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11/09/2009 10:23 AM     print story email story  

US Solar Manufacturers Struggling to Compete News

Two recent announcements from the U.S. solar industry indicate that low-cost manufacturing capacity in China is affecting the viability of production in North America.

General Electric (NYSE: GE) last week confirmed plans to close a solar panel manufacturing plant in Glasgow, Delaware, according to a report by The New Journal

The plant is relatively small, employing only 82 workers, and as a result it is unable to achieve beneficial economies of scale for the crystalline silicon panels it produces. 

Brian Yerger, president and CEO of the Wilmington, Delaware alternative-energy consulting firm AERCA Advisors, told The New Journal smaller U.S. facilities like the one in Glagow are unable to compete.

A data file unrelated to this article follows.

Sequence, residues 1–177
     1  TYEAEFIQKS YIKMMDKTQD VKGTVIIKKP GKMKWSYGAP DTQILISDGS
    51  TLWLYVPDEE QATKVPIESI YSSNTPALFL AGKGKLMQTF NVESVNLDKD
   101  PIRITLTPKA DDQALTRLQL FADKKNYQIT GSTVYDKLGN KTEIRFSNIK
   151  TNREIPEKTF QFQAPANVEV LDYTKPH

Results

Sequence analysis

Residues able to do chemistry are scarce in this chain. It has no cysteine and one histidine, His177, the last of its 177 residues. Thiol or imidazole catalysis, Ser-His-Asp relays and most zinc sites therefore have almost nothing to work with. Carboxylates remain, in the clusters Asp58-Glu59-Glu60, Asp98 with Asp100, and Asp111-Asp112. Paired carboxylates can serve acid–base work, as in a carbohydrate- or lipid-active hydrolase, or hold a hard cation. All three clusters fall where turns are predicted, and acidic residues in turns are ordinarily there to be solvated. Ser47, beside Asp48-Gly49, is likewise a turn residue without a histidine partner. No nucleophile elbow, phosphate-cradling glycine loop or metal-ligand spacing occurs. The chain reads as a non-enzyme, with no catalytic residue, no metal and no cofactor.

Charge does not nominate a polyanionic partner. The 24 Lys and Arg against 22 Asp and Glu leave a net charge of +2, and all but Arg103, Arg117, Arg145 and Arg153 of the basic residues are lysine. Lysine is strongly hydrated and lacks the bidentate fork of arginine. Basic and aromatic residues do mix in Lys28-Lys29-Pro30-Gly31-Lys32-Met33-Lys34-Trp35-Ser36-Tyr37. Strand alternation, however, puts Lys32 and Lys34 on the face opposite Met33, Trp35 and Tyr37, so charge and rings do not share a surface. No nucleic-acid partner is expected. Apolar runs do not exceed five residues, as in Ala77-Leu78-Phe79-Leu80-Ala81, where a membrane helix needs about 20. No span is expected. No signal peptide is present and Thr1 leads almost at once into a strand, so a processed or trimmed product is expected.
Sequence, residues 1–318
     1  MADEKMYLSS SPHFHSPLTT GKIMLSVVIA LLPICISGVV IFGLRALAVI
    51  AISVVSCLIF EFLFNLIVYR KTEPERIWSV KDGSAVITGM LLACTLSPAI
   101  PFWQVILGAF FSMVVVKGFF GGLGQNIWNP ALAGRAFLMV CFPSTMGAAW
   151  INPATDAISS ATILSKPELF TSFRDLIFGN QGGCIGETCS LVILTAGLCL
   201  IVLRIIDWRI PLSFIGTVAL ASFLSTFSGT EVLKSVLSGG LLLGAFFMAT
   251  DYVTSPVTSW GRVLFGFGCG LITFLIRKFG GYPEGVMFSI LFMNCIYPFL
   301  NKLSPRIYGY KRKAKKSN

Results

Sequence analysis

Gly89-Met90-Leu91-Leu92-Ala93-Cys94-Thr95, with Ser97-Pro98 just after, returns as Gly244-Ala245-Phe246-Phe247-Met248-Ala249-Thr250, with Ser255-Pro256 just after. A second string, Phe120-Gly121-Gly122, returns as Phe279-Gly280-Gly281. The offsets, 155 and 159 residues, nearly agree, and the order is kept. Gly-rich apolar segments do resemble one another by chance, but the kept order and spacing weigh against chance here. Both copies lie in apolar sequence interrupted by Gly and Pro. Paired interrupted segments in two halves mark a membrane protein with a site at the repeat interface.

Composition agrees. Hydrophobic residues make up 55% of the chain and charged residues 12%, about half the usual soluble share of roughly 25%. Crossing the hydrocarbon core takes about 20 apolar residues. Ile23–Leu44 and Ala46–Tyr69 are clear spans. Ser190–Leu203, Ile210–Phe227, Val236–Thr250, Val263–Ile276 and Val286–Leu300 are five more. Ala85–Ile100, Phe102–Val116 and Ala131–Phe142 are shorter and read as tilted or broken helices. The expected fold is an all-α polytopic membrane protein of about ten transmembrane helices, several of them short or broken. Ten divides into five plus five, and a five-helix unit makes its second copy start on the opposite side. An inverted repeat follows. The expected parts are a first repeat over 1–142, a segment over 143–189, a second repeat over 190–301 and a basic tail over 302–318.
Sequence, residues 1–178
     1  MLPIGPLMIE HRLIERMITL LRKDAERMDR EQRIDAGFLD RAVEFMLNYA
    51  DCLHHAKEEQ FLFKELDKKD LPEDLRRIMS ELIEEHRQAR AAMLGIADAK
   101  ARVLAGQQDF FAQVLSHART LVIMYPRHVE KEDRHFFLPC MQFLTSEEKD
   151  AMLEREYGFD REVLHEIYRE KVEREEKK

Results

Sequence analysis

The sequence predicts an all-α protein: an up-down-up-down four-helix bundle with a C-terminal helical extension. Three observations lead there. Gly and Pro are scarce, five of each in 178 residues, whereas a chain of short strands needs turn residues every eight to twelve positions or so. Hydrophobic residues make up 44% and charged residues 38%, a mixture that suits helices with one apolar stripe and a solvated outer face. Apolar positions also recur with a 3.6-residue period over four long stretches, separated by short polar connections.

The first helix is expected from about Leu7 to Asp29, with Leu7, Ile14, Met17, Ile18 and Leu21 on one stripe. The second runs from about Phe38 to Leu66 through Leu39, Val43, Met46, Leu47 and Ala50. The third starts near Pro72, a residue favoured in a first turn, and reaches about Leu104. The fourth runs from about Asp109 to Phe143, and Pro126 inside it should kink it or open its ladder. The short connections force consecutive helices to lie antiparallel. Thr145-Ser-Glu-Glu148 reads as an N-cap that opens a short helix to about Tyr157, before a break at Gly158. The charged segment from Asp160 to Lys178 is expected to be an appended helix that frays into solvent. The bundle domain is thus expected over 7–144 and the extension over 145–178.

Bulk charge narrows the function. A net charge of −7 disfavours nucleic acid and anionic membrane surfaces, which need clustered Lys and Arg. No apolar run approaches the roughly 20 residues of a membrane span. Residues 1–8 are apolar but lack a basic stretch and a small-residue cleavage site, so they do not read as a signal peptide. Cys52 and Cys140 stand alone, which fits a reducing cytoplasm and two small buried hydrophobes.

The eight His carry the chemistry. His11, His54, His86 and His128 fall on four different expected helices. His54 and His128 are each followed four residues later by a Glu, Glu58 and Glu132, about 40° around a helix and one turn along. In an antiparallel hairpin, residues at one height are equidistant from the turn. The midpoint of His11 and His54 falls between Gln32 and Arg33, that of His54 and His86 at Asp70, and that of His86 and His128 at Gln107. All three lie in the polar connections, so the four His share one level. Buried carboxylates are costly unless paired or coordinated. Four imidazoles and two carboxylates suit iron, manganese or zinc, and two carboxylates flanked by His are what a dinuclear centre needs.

"If you do not have a technological advantage, and the Chinese can reproduce your technology, they're going to beat you every time," he said.

Evergreen Solar Moves to China

Similarly, Evergreen Solar (Nasdaq: ESLR), which spent millions of dollars to open a new facility in Devens, Massachusetts in 2008 announced that it will be moving all panel-assembly operations to China. The Devens facility will continue manufacturing silicon wafers and cells.

The company lost $167 million in 3Q09, compared to $33.6 million a year ago, as prices for assembled panels have fallen 30% over the last year. 

Read further coverage by The Boston Globe at the link below.


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